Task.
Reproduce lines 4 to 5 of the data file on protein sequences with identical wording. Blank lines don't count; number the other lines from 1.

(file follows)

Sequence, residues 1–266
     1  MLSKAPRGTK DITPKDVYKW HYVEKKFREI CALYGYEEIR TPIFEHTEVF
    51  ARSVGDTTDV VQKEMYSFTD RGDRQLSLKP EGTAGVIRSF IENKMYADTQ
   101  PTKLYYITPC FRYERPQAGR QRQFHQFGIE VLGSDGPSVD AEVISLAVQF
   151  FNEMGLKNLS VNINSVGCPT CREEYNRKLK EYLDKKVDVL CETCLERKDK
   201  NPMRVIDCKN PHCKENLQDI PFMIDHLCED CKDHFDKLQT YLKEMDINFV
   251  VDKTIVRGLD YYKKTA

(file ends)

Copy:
   101  PTKLYYITPC FRYERPQAGR QRQFHQFGIE VLGSDGPSVD AEVISLAVQF
   151  FNEMGLKNLS VNINSVGCPT CREEYNRKLK EYLDKKVDVL CETCLERKDK